Even simple contact with laboratory workers is scary for animals. -Jonathan Balcombe Tests on animals are ethically unacceptable. However, in most cases they are just a legal formality. Many unauthorized tests are conducted on these animals to sell potentially dangerous products. The laboratory life of animals involves social isolation, environmental disturbances and lack of stimulating environment. Millions of animals are used every year to assess the potential health hazards of cosmetics, soaps, pesticides etc.
Laboratory research involves use of helpless creatures in cruel and merciless manner. Two of the most common tests conducted on animals are the Draize Test (eye and skin irritancy test) and the Lethal Dose 50(LD50). The Draize test is performed almost exclusively on albino rabbits because they are not equipped with tear ducts and are available in reasonable costs. Its reactions include inflammation, ulceration, and rupture of eyeball, corrosion and bleeding. LD 50 test is used to assess the potency of Botox Cosmetic and similar products. Mice are injected with samples from each batch of toxin that leads to death of almost half of mice used in experiment. Mice experience a wave of paralysis.
Apart from pain and suffering caused by tests, the action should be to take steps to save lives of animals in forests and wildlife parks. In India, one horned Asiatic Rhinoceros are under threat of poaching. Elephants are illegally traded outside the country for its organs. As on June 2001 lions hold only a small fraction of their former habitat. In 2008, the Government of India conceded that there are less than 1,200 tigers left as compared to 1,827 tigers in 1972. The corruption of local authorities and exploitation of local communities are responsible for downfall in numbers of tigers. Though approximately US$ 75 million is spent annually by the Government to ensure survival of Bengal tiger, we are unable to save them. Among the efforts of government, a major step was taken in 1975 when Project Tiger was launched. The survival of Himalayan marmot is under threat as per study conducted by the Zoological Survey of India (ZSI).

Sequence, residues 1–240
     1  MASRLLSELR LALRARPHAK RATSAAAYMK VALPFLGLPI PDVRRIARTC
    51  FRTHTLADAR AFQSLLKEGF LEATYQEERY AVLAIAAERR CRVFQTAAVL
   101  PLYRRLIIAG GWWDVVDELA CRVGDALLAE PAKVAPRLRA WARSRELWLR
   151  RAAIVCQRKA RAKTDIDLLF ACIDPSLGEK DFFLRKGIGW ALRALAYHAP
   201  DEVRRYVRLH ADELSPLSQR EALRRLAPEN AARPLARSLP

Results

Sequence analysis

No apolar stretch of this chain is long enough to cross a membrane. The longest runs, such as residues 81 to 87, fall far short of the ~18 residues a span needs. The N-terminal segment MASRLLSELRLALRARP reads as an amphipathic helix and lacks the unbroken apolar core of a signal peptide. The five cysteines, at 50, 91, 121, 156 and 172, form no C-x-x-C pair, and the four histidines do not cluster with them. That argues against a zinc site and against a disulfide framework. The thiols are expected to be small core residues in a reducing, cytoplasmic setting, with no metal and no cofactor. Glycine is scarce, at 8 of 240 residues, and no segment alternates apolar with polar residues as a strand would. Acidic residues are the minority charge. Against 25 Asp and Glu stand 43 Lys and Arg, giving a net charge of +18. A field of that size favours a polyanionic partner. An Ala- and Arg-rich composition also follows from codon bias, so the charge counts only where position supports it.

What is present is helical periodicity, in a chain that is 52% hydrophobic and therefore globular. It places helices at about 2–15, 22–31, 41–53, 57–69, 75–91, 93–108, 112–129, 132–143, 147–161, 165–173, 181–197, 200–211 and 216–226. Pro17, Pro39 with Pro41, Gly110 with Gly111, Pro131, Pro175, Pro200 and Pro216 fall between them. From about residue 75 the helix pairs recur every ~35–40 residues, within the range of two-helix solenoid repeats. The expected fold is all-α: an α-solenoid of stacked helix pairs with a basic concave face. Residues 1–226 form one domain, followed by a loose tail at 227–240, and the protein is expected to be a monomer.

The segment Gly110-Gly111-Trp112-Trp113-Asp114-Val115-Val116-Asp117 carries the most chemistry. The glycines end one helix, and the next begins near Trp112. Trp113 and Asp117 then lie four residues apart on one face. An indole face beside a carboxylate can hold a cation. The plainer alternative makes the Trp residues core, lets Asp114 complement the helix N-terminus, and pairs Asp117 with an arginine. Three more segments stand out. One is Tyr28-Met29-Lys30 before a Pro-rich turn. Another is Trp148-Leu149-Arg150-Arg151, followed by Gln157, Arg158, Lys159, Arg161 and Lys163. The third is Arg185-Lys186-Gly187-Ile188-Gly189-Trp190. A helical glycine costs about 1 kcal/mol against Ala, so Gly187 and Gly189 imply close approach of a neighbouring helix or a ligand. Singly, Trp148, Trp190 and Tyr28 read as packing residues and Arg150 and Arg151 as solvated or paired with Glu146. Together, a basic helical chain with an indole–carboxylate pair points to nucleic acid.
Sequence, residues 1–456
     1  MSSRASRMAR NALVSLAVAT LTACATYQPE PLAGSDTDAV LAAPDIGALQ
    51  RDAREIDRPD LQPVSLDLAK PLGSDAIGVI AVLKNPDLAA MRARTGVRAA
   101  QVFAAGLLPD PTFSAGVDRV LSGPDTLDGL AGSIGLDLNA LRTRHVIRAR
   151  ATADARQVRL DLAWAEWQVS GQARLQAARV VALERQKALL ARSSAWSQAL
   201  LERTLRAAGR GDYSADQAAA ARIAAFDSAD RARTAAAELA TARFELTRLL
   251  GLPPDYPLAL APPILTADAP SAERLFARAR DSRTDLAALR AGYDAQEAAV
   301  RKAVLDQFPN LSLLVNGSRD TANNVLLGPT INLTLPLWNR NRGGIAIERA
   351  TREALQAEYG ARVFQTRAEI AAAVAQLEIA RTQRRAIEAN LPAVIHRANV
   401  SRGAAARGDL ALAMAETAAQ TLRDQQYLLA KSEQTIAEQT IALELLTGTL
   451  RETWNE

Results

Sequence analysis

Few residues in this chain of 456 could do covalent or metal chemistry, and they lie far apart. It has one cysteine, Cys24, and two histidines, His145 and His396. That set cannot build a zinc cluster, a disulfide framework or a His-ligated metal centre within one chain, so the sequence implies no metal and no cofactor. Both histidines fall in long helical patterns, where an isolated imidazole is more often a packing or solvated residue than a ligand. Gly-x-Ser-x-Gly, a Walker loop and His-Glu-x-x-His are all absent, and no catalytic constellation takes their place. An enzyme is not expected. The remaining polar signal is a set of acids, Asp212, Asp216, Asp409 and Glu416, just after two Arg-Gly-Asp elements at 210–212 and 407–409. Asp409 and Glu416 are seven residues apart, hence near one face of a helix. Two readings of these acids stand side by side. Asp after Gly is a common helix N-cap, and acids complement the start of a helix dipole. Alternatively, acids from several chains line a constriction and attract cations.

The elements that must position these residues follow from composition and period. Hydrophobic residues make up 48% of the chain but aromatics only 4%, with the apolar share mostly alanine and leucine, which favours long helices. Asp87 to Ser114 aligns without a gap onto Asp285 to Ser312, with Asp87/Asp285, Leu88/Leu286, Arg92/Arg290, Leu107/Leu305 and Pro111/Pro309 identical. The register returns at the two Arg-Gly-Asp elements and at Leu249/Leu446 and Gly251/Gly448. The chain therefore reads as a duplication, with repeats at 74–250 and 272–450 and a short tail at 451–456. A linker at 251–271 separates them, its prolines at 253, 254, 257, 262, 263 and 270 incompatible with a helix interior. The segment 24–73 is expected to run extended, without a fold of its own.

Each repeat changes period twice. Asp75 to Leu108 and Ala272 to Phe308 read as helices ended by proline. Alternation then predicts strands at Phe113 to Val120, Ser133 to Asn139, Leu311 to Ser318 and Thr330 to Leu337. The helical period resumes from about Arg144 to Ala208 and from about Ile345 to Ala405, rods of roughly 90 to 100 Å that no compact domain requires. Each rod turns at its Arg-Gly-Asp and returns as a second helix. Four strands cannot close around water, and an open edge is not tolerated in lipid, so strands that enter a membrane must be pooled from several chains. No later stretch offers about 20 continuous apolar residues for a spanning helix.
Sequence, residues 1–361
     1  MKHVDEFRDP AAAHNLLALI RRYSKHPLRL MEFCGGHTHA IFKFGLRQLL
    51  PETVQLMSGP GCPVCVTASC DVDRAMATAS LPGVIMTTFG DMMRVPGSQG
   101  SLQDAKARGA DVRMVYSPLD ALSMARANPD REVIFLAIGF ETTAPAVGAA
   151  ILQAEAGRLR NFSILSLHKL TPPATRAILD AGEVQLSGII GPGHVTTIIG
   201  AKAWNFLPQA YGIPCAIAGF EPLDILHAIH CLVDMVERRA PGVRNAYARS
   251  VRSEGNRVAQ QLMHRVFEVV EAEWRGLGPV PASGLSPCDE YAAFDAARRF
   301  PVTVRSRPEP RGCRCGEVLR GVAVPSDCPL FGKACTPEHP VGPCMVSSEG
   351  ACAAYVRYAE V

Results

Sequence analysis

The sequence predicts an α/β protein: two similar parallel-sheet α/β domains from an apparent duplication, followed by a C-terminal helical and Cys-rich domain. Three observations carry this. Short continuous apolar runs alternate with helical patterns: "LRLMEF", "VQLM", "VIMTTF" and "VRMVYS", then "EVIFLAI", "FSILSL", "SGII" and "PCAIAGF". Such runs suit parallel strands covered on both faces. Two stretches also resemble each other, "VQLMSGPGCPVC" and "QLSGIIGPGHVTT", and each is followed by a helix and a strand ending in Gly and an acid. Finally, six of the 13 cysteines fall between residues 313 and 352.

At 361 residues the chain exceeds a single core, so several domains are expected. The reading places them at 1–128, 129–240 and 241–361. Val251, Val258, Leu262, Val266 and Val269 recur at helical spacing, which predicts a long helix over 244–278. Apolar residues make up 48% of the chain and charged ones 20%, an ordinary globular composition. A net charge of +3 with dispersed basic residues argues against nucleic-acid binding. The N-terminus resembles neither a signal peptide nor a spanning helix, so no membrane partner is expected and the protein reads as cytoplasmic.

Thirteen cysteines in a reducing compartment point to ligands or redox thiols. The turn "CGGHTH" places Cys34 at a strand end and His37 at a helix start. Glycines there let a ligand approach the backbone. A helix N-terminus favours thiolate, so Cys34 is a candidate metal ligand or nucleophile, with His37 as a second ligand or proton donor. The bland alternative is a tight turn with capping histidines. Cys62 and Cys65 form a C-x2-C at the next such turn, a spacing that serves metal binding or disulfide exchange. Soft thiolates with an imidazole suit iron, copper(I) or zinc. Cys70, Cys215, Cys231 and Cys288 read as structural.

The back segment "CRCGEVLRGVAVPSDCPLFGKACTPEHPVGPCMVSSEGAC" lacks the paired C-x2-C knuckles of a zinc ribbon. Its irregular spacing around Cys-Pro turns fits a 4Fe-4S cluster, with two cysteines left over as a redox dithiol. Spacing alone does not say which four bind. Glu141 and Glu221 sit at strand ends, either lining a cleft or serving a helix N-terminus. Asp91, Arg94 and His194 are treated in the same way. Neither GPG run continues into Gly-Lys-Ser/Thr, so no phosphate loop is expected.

All animals seek to protect their own lives, preserve their freedom, seek what gives them pleasure and avoid what gives them displeasure or pain. So, why we human beings are going against their natural instincts and are becoming masters of their lives. Human pride seems to be a major issue, hindering animals from receiving the respect they deserve. We must remember that in their protection lies our own survival. Any practice that fails to respect the rights of animals is wrong, irrespective of human need, context and culture. How can we forget that under Indian culture, animals were treated as symbolizing Gods? The solution lies in abolishing medical research on animals, dissolution of commercial animal agriculture and prohibiting trapping and hunting.
Let’s come forward and believe that right to life of all is universal and inherent in itself